Rajneesh Gupta offers insights about the ICC World Test Championship Final.
For a long time, there had been attempts to bring additional context to Test cricket beyond the result of individual series.
Other than a few riveting rivalries-- that bring the best of the emotions from fans across the globe -- Test cricket has struggled to find a context over the years.
One-Day Internationals have the World Cup. Twenty20 Internationals have the World Twenty20 (now the T20 World Cup). Pinnacle tournaments that irrefutably give us a Champion in that particular format until the next edition. Test cricket did not have any such tournament.
It's not that no attempts were made to find the champion side in Test cricket.
ICC Test rankings are in place for years and do exactly that.
After every Test series, the two teams involved receive points based on a mathematical formula involving both teams' previous rating and the result of the series.
Each team's points total from matches over the last few years is divided by a figure based on their total number of matches and series played, to give a 'rating'.
The ratings undergo an annual update that eliminate results more than three years old, to make the ratings more 'current' and disallow teams the advantage of past results.
The top ranked Test team was awarded the ICC Test Championship mace.
From 2003 to 2019, the mace was transferred whenever a new team moved to the top of the rating list.
The team that was top of the ratings table on April 1 each year also won a cash prize.
Still, this system of deciding the number one Test side did not cut much ice with many cricket pundits and the fans across the globe as it's still just based on a rolling table, something not everybody could connect with, despite all the awareness and promotion from the ICC.
The idea of a World Test Championship was first mooted in 2009 when the ICC met the MCC to discuss the subject.
New Zealand's Martin Crowe was one of the main brains behind this proposal.
After moving back and forth and dealing with a lot of things, the ICC decided that the inaugural competition would be held in 2013 replacing the Champions Trophy.
However, these plans were abandoned and it was rescheduled for June 2017, with the second Test Championship scheduled in 2021.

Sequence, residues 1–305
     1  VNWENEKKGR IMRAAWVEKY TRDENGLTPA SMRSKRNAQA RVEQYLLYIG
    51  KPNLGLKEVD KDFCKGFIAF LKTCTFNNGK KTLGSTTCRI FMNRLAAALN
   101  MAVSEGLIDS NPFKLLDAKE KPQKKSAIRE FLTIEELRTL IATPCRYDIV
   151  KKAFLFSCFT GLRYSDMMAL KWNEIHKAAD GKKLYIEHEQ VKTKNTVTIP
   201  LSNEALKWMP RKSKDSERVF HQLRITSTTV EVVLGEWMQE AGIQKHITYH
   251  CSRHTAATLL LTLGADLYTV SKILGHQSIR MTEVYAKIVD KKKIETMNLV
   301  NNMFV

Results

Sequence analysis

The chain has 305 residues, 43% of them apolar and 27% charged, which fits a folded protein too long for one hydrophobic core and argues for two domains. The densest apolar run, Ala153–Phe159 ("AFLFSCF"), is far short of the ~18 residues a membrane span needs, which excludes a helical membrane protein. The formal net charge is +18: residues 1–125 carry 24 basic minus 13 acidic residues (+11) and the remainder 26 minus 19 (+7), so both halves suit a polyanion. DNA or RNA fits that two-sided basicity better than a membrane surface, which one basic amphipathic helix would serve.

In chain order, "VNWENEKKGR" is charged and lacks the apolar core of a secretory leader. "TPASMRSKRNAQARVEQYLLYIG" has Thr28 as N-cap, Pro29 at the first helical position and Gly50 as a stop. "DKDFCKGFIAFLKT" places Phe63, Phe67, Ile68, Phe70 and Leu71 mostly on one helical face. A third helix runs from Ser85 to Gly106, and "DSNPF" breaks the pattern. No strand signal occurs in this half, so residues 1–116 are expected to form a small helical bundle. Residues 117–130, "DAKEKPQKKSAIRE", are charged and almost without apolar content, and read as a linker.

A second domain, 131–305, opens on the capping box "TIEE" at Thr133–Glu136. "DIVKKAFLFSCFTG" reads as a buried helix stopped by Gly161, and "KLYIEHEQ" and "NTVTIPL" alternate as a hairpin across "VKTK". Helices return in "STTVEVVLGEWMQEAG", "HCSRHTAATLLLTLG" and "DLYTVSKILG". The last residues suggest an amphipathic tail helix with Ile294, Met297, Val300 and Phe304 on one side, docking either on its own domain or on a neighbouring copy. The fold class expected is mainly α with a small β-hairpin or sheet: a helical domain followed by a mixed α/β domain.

However, in 2014 the 2017 World Test Championship was cancelled and the 2017 Champions Trophy was reinstated.
In October 2017 it was decided by the ICC that the first Test championship comprising the game's top-nine teams would begin at the conclusion of the 2019 World Cup.
The top two teams at the end would compete in the ICC World Test Championship Final in England in June 2021 with the winner crowned World Test Champions.
The idea was to have a Test 'winner' every two years creating something else to play for outside of the series result.
It was also hoped that it would increase interest in all series within the WTC, regardless of who is playing, because it can have a knock-on effect on other team's chances of reaching the final.
This was also in line with the ICC's goal of having a pinnacle tournament for each of the three formats of international cricket.
The ICC World Test Championship (got underway on August 1, 2019.
It was decided that each competing country would play in six series over that time, three at home and three away, with all series being of a minimum two matches duration but able to be expanded to as many as five to cater for encounters such as the Ashes.
The top nine ranked teams on the ICC Test team rankings as on 31 March 2018 qualified for the WTC.
Australia, Bangladesh, England, India, New Zealand, Pakistan, South Africa, Sri Lanka and the West Indies made the cut. Afghanistan, Ireland and Zimbabwe did not participate.
Each team played only six of the eight possible opponents.
All the series were mutually agreed between the two nations involved.
Some of the series already committed in the previous Future Tour Plan were played as part of the WTC with each team playing against some higher-ranked opposition and some lower-ranked opposition.